SluggishWriter: I’m still working on this myself, but I find that the most satisfying endings for me are when you can directly tie it back to something in the beginning. For example, a character asks a question or makes a joke early on, then references back to that and provides an answer or some insight at the end of the story. I’ve heard of this being called “brackets,” too – as if you’ve enclosed your story by having one thing at the beginning, then closing it up at the end. And you can layer multiples of these within a story.
Christie V Powell: The climax is the main show-down with your antagonistic force. What has your character been fighting against the whole time? Then think of ways you can make it even more exciting. Make sure that antagonistic force, who or whatever it is, puts up a good fight.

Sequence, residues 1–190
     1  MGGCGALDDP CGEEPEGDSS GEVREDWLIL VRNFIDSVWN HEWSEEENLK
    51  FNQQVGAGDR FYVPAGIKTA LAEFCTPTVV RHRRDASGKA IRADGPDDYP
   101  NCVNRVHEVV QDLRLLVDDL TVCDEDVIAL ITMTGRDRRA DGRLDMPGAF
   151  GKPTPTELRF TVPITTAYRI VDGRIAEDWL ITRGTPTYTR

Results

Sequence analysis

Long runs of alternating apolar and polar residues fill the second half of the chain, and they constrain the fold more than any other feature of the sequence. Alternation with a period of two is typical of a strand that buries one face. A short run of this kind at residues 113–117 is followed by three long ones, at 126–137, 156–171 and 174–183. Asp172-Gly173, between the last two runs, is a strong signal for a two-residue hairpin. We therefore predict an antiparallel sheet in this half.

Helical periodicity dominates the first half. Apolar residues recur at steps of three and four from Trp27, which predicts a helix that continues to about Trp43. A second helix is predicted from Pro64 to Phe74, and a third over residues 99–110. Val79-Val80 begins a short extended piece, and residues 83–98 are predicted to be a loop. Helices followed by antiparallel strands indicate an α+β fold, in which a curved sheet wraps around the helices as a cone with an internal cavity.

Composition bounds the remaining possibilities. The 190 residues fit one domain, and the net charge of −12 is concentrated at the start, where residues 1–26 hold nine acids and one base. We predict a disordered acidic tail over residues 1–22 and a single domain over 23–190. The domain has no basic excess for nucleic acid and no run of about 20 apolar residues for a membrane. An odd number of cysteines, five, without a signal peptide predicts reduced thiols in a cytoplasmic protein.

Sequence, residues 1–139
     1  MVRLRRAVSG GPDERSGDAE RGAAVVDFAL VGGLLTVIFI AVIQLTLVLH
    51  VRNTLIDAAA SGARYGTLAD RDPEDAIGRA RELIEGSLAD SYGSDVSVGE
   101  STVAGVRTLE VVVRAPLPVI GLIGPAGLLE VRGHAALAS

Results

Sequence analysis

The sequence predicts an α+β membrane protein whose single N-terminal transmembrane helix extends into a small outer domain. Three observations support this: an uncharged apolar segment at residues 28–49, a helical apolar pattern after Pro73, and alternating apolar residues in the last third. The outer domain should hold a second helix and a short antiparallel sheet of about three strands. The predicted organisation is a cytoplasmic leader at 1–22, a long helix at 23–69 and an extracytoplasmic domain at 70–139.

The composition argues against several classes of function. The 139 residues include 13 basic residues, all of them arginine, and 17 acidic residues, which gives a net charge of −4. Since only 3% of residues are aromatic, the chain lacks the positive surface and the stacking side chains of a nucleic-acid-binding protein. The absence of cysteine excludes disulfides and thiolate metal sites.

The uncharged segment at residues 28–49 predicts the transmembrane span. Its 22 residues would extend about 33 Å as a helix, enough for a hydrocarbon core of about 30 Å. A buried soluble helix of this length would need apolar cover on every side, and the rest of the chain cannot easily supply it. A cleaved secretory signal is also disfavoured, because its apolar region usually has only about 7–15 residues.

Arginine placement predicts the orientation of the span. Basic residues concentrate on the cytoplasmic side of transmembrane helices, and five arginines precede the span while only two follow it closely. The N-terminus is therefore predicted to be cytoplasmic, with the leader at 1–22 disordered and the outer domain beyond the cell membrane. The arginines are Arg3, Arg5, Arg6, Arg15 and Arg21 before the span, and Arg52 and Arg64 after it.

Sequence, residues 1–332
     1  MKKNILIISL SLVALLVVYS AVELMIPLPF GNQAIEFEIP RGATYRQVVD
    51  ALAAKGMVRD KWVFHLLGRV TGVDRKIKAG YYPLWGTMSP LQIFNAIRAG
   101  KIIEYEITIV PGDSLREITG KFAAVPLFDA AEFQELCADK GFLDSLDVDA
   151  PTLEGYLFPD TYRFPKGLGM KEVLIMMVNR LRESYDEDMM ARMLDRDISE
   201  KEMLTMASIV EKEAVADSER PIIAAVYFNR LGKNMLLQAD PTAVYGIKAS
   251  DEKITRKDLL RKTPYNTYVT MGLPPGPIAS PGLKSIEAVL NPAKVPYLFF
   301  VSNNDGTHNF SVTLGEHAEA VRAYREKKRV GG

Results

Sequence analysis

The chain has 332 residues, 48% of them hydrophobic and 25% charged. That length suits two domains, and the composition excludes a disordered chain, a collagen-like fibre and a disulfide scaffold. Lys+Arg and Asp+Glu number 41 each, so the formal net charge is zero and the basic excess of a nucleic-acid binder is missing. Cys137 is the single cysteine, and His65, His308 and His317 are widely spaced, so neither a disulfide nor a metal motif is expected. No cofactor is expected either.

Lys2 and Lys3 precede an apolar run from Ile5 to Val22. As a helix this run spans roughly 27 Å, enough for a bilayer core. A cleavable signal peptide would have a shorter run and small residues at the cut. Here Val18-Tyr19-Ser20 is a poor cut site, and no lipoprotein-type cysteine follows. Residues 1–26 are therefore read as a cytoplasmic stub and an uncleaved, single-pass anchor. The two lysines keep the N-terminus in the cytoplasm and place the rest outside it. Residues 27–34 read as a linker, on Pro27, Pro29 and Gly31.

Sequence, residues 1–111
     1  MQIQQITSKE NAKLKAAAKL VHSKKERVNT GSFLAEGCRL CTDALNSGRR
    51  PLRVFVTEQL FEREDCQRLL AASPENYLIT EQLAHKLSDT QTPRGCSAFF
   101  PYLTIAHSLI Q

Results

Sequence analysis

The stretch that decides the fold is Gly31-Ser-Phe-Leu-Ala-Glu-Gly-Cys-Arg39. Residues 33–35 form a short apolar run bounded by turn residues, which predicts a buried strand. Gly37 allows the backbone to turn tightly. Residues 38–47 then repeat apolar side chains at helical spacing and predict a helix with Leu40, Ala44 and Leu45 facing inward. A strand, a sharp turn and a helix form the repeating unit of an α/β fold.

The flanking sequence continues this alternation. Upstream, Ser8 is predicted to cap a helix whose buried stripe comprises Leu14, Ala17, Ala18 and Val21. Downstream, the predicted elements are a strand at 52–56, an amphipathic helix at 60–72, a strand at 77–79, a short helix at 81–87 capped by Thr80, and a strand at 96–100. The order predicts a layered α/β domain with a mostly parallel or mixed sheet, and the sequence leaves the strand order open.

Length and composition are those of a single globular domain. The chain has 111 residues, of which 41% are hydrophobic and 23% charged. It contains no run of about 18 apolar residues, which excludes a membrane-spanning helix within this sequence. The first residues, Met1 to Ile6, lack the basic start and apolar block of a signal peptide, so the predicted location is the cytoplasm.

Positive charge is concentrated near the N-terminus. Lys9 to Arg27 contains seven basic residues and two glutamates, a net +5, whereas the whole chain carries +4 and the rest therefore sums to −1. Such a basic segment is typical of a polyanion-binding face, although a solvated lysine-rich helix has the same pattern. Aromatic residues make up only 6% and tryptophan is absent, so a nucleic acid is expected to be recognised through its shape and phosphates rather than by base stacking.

You’ll also want to look at the major events of the story so far. What could they lead up to? Ideally, all of the conflicts lead up to this one moment. Remember in Ella Enchanted, when Ella is struggling with her curse at the very end? Her mind goes back over many of the major events of the story, showing how all of them have impacted the main conflict (Ella vs. her curse).
Story structure helps me get a better idea of what the climax should be, since it helps me define the important moments that lead up to it. I use a variation of the 3-Act formula, and I find that it helps me get the bones of the story down, so that my creative mind is free to work on details.
Since you can’t click on links, here’s a quick overview:
Act 1.A: characteristic moment(s), high action, inciting incident
Act 1.B: normal world, first plot point (“point of no return”)
Act 2.A: enter the new world, first pinch point (learn about the antagonist)